This is a great overview of an excellent way to get kids out and active, which is so important these days!

    Stella 🙂

    1. Thank you for your comments Stella, they are very much appreciated. A quote from a friend of years ago always sticks in my mind where children are concerned, “they are the leaders of tomorrow, we have to nurture them and guide”. It’s great to see young people out on the trails and I agree that out and active is so important.

      Best regards

      Steve

  2. Hi, Steve.
    Thanks for sharing the information on mountain biking for kids.
    The points you suggested in Bike Checks, information on common injuries, a simple guide for gears and the basics which every kid knows before starting the adventure. Overall an awesome article and I am bookmarking this page which I will gift my daughter along with her new cycle on her birthday.
    Warm Regards,
    Gaurav Gaur

    1. Thank you Gaurav. I hope your daughter enjoys her birthday bike. If either of you have any questions later, always ask. I’m only a message away. Best regards, Steve 

  3. I love taking my kids biking…The views are amazing & bonding experience…

     This is article also touches my heart. My daughter was born with CP, when she turn 2 doctors told me she may never learn to ride a bike…

    3 years later, she proved them wrong…And we enjoy every moment of it..

    so this was a good read! Keep up the great work!!

    1. Hi Genia, thank you for your comments and particularly sharing about your daughter. I love the 3 years later line. YES! 

  4. Hello Steve,
    Very valuable article with very certain advice about mountain biking for children. 

    I stopped being a child a long time ago I am 61 years old. Always and especially in my youth I practiced many sports I also did some cycling.  

    Thinking that looking at your images the mountain would have been a challenge for me.

    Logically the boys must protect their body since they can suffer significant injuries. 

    Parents should give an example to our children accompanying them on their journeys. 

    Thank you and take care!

    Claudio

    1. Thank you for your comments, Claudio, they are much appreciated. Yes, I think parents should set an example by accompanying them on the trails or getting somebody the children know to go with them. There are also a few ride schools about where children get to learn with others under expert supervision.

      Best regards

      Steve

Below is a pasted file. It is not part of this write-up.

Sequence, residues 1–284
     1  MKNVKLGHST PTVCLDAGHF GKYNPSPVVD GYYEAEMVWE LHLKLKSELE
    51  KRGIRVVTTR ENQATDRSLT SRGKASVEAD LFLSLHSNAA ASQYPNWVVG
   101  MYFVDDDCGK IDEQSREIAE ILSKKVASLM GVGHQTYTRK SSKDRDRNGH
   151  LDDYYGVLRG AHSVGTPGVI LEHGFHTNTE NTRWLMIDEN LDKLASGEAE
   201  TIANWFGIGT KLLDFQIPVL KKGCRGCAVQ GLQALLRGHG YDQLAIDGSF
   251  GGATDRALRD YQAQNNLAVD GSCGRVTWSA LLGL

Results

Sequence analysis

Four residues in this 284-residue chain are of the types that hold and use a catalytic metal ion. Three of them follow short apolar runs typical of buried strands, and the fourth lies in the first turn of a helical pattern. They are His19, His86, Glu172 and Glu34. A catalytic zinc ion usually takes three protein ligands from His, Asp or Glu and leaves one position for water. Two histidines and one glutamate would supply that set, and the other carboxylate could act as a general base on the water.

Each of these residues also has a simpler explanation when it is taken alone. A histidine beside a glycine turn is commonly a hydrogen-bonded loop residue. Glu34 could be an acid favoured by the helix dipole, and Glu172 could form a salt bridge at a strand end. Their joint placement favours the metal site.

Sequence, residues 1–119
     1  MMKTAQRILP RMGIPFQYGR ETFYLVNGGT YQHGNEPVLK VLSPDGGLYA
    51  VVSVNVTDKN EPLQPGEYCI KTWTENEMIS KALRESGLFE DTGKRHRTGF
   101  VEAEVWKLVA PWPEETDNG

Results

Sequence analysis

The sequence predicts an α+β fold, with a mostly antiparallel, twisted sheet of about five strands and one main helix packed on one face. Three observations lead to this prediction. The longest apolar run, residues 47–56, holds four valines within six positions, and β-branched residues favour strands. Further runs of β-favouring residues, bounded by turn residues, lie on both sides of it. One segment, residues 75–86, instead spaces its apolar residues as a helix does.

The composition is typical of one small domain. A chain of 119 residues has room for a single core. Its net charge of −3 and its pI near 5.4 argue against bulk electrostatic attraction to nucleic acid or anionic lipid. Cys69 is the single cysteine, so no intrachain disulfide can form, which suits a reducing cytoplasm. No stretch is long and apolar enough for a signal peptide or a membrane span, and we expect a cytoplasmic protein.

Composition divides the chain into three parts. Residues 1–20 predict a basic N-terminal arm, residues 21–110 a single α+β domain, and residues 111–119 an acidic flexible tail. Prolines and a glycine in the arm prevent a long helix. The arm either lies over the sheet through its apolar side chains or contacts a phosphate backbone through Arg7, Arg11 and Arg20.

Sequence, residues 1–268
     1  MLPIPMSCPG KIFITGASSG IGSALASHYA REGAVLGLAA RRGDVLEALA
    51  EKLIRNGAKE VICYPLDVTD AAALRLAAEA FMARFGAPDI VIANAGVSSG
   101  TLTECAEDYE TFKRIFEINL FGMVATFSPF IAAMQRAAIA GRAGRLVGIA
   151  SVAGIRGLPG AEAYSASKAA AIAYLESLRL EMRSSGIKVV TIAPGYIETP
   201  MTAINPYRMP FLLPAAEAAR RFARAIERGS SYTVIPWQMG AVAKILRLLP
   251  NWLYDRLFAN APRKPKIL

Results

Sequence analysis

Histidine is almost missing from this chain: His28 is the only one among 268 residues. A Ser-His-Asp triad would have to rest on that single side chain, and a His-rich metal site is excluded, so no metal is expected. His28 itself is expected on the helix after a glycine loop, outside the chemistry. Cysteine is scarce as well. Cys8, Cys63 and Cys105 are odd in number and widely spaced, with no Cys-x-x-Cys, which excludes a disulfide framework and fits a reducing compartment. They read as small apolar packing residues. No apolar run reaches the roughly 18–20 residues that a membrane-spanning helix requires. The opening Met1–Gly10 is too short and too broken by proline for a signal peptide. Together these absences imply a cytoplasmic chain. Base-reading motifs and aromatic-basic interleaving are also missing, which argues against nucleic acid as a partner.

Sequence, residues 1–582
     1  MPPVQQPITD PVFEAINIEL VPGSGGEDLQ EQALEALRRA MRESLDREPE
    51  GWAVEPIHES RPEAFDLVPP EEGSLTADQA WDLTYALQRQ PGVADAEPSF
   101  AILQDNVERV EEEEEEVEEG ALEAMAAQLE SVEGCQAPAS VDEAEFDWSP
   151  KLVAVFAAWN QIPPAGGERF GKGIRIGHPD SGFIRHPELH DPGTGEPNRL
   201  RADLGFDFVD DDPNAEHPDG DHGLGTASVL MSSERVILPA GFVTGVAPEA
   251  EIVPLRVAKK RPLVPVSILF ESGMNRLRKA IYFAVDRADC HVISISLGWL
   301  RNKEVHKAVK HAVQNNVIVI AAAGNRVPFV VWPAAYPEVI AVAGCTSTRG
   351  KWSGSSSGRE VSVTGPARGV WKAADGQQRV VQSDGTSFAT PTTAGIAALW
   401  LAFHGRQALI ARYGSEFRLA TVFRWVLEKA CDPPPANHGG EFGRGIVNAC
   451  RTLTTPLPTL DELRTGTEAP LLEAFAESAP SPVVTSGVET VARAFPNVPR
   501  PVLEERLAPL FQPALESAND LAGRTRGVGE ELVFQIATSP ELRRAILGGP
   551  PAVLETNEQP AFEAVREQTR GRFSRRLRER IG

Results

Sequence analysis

5. Hi Steve

    I am a great supporter of exercise for children and mountain biking is one way they can get it. I really liked this article as you have covered everything that a worried parent will have concern for and addressed each and every one. You want your child to have fun but not come to harm at the same time. You want them to have the right personal protection equipment but you still worry that they may not use them, or that the rough terrain may cause them to slip. Injury is part and parcel of growing up and I am afraid we are smothering are children. 

    What are you to do if your child keeps falling and gets discouraged?

    Thanks

    Antonio

    1. Hi Antonio. Thank you for taking the time to comment on this post. If a child keeps falling and gets discouraged, I would take them to a “soft” area where falls wouldn’t hurt so much and encourage them to pedal a few strokes and stop and repeat, all the time celebrating their achievements. Eventually get them to extend the number of pedal strokes. Some children naturally take longer to learn so if it still doesn’t go well, let them know that it doesn’t have to be now and they can give it another go when they are ready. Hope this helps, best regards, Steve

  6. I remembered the first time that I rode my bicycle, it was such a great experience that my parents had to take me apart from it. I want my nephews to experience it. You are absolutely right that it is safer to be riding in the mountains there is no car around and that can be a good activity that I can join with my nephews and my super hyper dog. 
    I feel that falling down is just a part of growing up, you just cannot baby them all the time. You just have to let them fall and they will learn from it. The holiday season is coming, this will be a perfect gift for my rascals. Thanks again for the reviews.

    1. Hi Nutanee, thank you for your great comments. If you need help with some specific bike suggestions, drop me a message, I will be glad to help out. There’s a lot of choice out there. I too remember that first bike ride, wow, it was awesome. Sometimes falling goes with the territory, all we can do is our best to minimize risk. Best regards, Steve